“A heart shot is what every big game hunter hopes for,” Editor Mary Zeiss Stange explains in the introduction to Heart Shots, “that perfect shot placement, whether of bullet or arrow, which ensures a quick, humane kill. A heart shot is also what the best hunting writing has always aimed for—that certain image, or theme, or turn of phrase that strikes to the core of our flesh-and-blood humanity, piercing the tissue-thin membrane between life and death.”
Hunting and writing about it have not commonly been thought of as women’s work, but today women are hunting and writing about it in unprecedented numbers. This collection of stories by 46 hunters who happen to be female shows us that in fact some women have always hunted, and some have written dazzling accounts of their experiences. What you’ll find in k to nature and basics and to express in narrative, image, and metaphor the complex meaning of being predator, such impulses are ageless and genderless.
There are differences in the way women go about hunting and telling its story. Some are subtle and some are startling. In this marvelous collection a full range of writers from hard-edged realists to contemplative naturalists express the complex thought and emotion that constitute hunting with intelligence and insight. These women are aware of the fact that they are doing something distinctly out of the ordinary. And this is a book distinctly out of the ordinary as well, to be enjoyed, pondered, and savored by women and men alike, all who appreciate a good story well told.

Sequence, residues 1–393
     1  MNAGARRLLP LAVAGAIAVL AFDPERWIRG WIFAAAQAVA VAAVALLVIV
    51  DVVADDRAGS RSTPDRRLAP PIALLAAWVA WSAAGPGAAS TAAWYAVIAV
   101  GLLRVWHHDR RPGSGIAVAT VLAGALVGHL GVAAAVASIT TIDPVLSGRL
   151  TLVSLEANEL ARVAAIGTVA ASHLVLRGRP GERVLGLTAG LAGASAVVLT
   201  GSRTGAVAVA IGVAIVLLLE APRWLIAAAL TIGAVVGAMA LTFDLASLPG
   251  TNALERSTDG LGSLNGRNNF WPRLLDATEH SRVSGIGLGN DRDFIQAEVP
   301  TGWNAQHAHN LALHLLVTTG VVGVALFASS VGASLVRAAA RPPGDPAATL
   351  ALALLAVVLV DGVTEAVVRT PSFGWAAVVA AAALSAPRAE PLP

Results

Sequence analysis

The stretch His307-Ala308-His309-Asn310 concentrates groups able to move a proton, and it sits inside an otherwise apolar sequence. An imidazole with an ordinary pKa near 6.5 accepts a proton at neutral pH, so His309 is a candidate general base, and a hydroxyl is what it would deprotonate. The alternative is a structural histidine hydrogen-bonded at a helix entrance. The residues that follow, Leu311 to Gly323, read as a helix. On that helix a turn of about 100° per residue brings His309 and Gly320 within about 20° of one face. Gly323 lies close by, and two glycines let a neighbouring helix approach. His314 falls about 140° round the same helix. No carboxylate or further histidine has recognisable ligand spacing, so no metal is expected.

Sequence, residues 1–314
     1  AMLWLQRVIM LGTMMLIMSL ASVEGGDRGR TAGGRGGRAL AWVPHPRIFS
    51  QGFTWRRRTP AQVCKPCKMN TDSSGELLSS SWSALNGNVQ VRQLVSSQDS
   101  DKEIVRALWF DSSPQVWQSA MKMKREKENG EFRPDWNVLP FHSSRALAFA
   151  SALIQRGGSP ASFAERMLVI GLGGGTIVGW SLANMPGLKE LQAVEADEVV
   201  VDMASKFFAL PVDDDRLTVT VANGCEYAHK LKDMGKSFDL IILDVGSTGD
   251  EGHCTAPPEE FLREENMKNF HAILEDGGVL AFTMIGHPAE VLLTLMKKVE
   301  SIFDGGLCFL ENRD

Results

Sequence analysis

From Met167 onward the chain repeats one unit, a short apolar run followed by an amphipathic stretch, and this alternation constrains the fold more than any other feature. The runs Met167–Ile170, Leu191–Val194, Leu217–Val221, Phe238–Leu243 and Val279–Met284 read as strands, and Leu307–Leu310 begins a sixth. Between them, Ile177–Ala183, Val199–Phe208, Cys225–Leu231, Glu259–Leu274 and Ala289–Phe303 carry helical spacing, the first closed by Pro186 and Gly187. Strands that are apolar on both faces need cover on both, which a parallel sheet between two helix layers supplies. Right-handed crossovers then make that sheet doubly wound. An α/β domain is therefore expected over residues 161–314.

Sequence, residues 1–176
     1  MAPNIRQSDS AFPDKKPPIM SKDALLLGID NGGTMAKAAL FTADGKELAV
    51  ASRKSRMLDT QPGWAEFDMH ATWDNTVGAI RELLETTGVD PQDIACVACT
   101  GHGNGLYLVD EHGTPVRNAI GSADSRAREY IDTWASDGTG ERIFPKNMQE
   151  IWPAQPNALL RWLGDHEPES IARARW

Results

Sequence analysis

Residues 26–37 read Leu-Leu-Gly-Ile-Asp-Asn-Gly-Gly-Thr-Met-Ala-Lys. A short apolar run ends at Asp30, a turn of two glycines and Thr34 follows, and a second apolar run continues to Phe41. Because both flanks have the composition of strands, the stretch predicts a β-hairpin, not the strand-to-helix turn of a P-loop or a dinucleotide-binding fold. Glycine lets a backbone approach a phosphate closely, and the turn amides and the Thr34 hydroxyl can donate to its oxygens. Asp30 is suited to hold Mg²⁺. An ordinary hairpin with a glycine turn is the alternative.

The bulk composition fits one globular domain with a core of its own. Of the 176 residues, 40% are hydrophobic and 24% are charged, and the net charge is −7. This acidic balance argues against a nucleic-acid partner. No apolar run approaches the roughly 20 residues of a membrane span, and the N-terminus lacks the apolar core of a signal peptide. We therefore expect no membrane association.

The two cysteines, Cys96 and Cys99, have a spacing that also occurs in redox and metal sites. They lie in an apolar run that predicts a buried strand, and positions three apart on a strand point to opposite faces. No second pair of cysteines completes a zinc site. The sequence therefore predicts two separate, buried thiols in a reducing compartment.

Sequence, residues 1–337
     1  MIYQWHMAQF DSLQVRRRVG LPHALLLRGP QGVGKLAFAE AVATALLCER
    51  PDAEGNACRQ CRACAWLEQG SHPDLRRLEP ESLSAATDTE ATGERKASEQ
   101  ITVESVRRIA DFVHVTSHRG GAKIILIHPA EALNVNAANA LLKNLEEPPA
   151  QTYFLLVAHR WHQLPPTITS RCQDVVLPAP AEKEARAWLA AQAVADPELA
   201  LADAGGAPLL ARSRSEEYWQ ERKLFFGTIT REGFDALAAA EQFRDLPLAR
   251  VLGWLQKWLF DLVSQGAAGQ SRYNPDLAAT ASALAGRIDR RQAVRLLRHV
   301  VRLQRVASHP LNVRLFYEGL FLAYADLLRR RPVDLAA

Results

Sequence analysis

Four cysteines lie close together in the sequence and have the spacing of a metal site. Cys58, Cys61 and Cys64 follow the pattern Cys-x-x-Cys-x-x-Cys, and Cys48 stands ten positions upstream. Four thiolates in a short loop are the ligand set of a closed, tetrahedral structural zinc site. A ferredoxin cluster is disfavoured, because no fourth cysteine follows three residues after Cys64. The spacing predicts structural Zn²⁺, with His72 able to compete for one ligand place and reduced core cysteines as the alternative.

[Stories and essays written by Mary Jobe Akeley, Kim Barnes, Nellie Bennett, Durga Bernhard, Courtney Borden, and many more.]
Mary Zeiss Stange is the author of Woman the Hunter, co-author of Gun Women: Firearms and Feminism in Contemporary America, and a general editor of Stackpole Books’ Sisters of the Hunt series. She writes widely about hunting, women’s and environmental issues, and is an associate professor of women’s studies and religion at Skidmore College.